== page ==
- The rapid cadence and continuous coverage required for SDO observations led to placing the satellite into an inclined geosynchronous orbit. This allows for a nearly-continuous, high-data-rate, contact with a single, dedicated, ground station.
- Nearly continuous observations of the Sun can be obtained from other orbits, such as low Earth orbit (LEO). If SDO were placed into an LEO it would be necessary to store large volumes of scientific data onboard until a downlink opportunity. The large data rate of SDO, along with the difficulties in managing a large on-board storage system, resulted in a requirement of continuous contact.
So the team is relying on an inclined geo orbit. The primary download station will be devoted dish antennas at White Sands, New Mexico. The mission is set to last for a minimum of five (5) years. 1TB per day = 90 Petabytes of data! Damn! I’d love to work on a system to mine that data!
I style myself as a Black Nerd. Most times, it is tough to find other folk that have an African American cultural background and at the same time, be a straight-up tech head, or in my words a Black Nerd. I read about this post about the Black Google Network this afternoon. Now, I am not sure if these folks would classify themselves as nerds, but working for the top nerd company in the world (at least right now), I bet there are a few in the bunch.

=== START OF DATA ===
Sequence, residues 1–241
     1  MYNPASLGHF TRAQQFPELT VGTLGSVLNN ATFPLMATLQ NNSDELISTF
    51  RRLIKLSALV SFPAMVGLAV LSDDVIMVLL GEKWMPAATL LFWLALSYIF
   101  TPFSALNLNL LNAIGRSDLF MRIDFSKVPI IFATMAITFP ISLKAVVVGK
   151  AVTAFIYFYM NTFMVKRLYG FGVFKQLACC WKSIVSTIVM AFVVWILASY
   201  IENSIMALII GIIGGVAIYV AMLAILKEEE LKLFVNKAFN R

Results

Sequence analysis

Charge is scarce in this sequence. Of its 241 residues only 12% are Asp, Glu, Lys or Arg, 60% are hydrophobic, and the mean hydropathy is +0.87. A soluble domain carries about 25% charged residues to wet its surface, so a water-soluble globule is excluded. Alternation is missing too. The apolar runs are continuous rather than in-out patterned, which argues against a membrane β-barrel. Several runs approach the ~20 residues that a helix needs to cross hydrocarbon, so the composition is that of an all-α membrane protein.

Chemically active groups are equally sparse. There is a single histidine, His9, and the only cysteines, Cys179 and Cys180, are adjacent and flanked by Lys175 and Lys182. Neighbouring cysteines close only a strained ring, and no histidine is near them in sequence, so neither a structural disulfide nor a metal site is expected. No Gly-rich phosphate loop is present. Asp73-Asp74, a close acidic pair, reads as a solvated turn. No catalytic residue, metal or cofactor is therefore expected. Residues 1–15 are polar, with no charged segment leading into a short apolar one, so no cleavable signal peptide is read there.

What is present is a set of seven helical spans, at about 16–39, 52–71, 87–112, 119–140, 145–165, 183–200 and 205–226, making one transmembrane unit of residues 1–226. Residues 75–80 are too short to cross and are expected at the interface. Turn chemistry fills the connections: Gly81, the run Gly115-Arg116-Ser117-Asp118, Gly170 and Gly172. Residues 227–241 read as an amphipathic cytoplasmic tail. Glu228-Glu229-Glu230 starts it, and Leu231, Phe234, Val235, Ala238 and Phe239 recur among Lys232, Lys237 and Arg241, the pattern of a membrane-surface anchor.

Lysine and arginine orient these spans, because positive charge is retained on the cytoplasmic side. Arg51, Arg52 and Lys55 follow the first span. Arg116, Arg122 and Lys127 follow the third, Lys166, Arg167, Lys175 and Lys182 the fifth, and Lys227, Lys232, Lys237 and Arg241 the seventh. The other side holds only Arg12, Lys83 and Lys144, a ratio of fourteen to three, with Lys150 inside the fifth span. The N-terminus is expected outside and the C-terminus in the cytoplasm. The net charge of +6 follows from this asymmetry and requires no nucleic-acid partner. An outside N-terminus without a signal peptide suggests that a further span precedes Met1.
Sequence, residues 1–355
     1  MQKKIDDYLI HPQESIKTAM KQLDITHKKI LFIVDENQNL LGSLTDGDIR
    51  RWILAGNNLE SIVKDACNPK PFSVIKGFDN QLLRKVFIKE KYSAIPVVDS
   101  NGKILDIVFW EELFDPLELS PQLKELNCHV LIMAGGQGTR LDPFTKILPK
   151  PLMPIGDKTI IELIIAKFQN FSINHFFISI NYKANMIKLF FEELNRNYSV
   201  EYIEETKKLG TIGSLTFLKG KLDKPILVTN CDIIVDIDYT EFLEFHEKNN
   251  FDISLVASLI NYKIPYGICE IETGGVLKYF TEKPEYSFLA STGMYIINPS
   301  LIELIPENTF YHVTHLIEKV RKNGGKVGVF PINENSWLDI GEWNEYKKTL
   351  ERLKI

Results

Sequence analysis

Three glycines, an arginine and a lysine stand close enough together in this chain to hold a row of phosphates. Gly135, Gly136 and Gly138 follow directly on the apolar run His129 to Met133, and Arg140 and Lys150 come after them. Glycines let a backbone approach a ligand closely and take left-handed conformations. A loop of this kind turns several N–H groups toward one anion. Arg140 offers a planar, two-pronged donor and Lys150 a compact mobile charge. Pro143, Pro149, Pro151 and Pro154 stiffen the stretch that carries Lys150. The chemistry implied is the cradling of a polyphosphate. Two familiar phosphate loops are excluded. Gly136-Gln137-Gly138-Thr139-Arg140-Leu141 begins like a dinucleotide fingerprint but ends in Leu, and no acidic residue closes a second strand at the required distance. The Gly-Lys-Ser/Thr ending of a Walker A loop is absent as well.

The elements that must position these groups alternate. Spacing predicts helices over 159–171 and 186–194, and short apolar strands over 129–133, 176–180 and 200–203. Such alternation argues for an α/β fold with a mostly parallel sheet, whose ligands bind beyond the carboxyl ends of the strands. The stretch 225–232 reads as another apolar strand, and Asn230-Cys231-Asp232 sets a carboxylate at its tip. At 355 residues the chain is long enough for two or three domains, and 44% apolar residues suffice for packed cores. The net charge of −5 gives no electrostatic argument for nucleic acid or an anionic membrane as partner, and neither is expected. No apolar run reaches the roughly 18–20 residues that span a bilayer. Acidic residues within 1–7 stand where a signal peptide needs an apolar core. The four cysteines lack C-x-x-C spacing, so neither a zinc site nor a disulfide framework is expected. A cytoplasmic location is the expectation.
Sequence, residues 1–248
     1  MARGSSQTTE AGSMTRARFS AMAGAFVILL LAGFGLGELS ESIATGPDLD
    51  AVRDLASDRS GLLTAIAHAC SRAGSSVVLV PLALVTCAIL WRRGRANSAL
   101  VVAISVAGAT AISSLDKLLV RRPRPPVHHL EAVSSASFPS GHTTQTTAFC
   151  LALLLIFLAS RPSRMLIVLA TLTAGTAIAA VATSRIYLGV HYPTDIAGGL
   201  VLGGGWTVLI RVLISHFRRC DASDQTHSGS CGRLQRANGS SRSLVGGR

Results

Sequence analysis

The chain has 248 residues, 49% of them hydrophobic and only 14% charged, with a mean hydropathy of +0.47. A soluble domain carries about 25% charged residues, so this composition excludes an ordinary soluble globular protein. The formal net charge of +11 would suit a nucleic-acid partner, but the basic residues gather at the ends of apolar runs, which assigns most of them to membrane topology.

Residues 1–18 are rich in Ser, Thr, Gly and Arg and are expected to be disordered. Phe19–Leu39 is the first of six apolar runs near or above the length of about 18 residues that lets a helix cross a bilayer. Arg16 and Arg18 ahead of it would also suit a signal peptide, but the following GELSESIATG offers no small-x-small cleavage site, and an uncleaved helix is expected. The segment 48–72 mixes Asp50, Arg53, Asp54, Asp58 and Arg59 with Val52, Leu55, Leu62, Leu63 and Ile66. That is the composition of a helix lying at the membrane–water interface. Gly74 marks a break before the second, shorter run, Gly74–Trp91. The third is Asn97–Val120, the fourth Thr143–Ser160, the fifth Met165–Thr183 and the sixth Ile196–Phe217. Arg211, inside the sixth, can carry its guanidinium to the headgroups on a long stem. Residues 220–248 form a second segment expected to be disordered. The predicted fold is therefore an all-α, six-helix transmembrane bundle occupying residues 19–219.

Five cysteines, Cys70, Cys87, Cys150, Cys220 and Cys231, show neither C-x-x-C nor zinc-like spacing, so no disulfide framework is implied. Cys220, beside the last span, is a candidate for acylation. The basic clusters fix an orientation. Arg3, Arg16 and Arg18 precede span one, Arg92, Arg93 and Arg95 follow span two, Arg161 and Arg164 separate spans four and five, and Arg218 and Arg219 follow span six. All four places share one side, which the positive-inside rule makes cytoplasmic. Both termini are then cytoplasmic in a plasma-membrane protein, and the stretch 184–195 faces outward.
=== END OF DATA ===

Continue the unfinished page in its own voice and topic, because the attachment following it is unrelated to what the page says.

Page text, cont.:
It would be nice to be able to network with other folks like myself. I have a link to the Black Nerd Network in the sidebar. Seems like they are getting a good start and I hope I can be a part of spreading the love (btw, I have an aversion to social networks, so I have not joined their FaceBook group). In a few weeks, I’ll be moving to one of the top tech towns in the U.S. Hopefully, I can find a group of black nerds to get my tech on with. Ms. Calrissian can only take so much of me talking about the latest telescopes, breakthroughs in nanotechnology, and espousing my opinions on where we need to go with our space program.
A few weeks back, Ta-Nehisi Coates blogged about having issues with your special someone if you’re an avid WoW player. I commented that that was the reason I had not signed up for any MMO anywhere. Then came news that you might not get the coveted job you always wanted if you’re exposed as an MMO’er.
And now, BioWare is close to releasing what may be one of the most badass MMOs to date. Star Wars: The Old Republic is shaping up to be a big thrill ride for Star Wars fans across the globe. Check out the latest trailer for some lightsaber goodness.
Do I dare risk the blissful and stress free times at the Calrissian household?
Note to BioWare: Please don’t mess this up!
Thanks to the Penny Arcade for the info…
The other day I went to record NatGeo’s Journey to the Edge of the Universe in HD (still haven’t watched it yet, but I want to make sure I have pure uninterrupted time) and noticed that the DVR was nearly full. So I start deleting a bunch of old stuff (mainly Mrs. Calrissian’s reality junk, Keyshia Cole and Brutha) and low and behold there is an episode of Voltron saved on there.